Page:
Join-up is pretty simple, but every horse is different. It sounds like you were successful with the first horse, but a year of bad habits isn't going to be fixed in one half-hour lunge. He may respect you for the hour or so afterwards, but if you don't assert your dominance in every other aspect of your interactions together, the bad habits will re-surface quickly. Here's how I would handle this situation, and since I don't know your level of ability or knowledge, I apologize if this sounds too basic, that's not what I intend:
-Join-up with him at the start of each session. Lunge him until his ears relax, he lowers his head to the ground and licks and chews. He needs to be listening to your commands; if he stops running before you ask him or doesn't stop when you ask him and turn towards you, make him move off faster again and repeat til he does.
-Be dominant outside the bullpen too. Make him respect your space, etc., INSTANT correction when he steps out of line. He will probably get pissy with you; get pissy right back. Best, fastest solution to this depends on your level of skill reading body language-- you need to know when he's going to misbehave almost before he does and correct him before (ideal) or instantly after he finishes the bad behavior.
-Most importantly though-- when he's being good, reward him for it. I don't mean treats, as it sounds like handfeeding might be part of the catalyst for his current lack of respect. When he's cooperating, talk to him in a soothing, calm voice telling him he's a good boy, lots of pats, let him slow down or take a break (but only if you ask him to), etc. When he's being bad, get a harsh tone and raise your voice, and if you're in a confined area or have him on a lead make him work. He'll quickly learn it's uncomfortable to be around you when he's misbehaving, and nice to when he's being nice back.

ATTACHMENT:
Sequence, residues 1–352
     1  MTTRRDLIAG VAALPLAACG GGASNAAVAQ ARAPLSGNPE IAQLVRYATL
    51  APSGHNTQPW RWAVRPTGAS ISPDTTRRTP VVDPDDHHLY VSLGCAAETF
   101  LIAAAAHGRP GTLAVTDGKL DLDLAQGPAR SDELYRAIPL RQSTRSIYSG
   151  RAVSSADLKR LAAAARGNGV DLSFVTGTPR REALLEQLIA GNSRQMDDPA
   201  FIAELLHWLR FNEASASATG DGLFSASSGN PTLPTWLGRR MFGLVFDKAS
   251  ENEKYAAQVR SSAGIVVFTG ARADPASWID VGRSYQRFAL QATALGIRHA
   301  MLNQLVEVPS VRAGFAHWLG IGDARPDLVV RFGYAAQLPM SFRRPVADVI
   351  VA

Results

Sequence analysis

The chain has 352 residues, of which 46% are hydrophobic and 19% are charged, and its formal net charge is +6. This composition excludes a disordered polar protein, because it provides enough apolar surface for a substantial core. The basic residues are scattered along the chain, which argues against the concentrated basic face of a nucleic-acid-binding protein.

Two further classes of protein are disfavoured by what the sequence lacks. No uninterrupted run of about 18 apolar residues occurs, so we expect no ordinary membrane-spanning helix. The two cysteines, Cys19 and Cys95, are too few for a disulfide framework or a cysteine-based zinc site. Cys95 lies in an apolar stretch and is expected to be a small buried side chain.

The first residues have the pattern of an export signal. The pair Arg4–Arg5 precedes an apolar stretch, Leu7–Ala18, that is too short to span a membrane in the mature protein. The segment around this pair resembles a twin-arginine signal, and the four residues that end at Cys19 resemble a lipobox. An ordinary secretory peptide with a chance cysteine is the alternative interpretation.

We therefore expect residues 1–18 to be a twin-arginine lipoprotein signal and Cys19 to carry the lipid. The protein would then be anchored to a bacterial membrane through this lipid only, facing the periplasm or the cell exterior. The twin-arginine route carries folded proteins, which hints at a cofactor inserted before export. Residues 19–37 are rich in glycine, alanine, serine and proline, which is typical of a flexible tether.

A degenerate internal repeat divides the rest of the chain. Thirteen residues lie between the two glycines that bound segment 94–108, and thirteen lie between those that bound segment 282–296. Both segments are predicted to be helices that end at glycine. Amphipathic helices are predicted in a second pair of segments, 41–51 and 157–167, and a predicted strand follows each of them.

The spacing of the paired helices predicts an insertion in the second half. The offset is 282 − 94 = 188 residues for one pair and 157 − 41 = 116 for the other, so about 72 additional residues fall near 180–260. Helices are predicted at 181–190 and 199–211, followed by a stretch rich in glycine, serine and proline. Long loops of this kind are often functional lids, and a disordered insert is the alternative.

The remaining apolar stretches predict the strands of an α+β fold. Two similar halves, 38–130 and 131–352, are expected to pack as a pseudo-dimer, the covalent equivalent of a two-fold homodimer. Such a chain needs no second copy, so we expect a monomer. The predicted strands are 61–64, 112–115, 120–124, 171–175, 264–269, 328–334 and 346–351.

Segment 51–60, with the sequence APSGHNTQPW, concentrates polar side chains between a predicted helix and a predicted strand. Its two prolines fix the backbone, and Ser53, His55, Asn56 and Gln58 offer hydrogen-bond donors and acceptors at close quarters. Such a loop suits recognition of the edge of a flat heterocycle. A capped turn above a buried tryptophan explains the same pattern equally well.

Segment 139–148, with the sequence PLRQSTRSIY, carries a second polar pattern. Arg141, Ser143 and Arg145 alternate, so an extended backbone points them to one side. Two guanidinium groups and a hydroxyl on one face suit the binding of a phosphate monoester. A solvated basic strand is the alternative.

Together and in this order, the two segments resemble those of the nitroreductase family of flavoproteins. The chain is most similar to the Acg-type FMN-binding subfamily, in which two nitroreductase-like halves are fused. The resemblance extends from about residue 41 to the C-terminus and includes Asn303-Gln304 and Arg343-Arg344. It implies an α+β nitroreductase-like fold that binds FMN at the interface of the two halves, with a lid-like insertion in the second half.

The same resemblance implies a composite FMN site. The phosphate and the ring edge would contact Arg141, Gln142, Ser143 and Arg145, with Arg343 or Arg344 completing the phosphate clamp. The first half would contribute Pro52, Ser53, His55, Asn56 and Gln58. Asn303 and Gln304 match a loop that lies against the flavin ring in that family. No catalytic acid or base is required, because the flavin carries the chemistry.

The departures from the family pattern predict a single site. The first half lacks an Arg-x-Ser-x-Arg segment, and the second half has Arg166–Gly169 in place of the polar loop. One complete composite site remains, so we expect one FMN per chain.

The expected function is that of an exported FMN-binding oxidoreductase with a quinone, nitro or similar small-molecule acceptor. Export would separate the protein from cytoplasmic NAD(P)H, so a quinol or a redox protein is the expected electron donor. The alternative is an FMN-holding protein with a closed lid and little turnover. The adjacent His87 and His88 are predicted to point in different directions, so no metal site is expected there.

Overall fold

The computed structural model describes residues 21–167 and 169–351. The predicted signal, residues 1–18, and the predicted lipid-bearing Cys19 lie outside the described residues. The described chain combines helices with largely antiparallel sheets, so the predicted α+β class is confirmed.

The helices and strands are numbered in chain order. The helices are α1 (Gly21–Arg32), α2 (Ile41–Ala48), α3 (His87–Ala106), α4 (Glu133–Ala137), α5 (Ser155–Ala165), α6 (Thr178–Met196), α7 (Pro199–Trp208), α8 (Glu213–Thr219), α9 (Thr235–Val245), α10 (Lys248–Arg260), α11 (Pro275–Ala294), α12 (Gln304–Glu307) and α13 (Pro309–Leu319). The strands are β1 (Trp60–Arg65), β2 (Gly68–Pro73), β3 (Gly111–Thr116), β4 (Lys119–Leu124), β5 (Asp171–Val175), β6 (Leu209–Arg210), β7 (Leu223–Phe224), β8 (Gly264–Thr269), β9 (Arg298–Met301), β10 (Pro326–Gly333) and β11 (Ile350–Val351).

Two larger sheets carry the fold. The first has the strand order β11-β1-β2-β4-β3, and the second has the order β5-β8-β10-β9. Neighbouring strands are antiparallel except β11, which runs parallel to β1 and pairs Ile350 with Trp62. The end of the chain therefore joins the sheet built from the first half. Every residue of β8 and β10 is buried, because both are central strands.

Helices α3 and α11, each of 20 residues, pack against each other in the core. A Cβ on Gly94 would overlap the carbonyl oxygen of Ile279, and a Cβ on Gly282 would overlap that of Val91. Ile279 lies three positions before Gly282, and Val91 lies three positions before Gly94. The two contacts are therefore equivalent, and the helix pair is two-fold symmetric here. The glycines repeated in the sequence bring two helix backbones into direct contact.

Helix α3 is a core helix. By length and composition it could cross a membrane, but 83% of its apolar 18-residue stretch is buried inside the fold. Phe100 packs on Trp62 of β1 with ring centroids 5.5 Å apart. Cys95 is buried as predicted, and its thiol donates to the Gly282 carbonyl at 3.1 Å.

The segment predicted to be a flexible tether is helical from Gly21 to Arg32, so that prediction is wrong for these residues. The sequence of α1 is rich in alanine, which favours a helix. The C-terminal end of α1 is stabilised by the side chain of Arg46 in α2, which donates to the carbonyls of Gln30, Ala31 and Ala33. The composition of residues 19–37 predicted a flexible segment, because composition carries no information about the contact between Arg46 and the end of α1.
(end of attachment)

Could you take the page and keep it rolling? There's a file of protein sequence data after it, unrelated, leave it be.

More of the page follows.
My point with the above is that join-up, while a great tool to establish that first point of dominance, isn't usually enough. It's more of a trust builder than a problem solver. It's also important to work with him soon after join up on the other issues he has; leading, saddling, etc., whatever. Not for too long, but a few minutes each time. You'll notice improvement over time. But for the first week or two, or week's worth of days, I would join up with him at the start of each session and see how his attitude is after the week. If it's improving, you may go to every other session, or drop it altogether and bring it back if the behavior comes back.
As for the horse with the blind eye, I'd say it's probably ok to let him run only with the good eye inside. He probably doesn't feel comfortable not being able to see you and the commands you're giving. It doesn't sound like an attitude thing but more a dealing with a disability thing.
Sorry for the novel, and I hope this helped. :)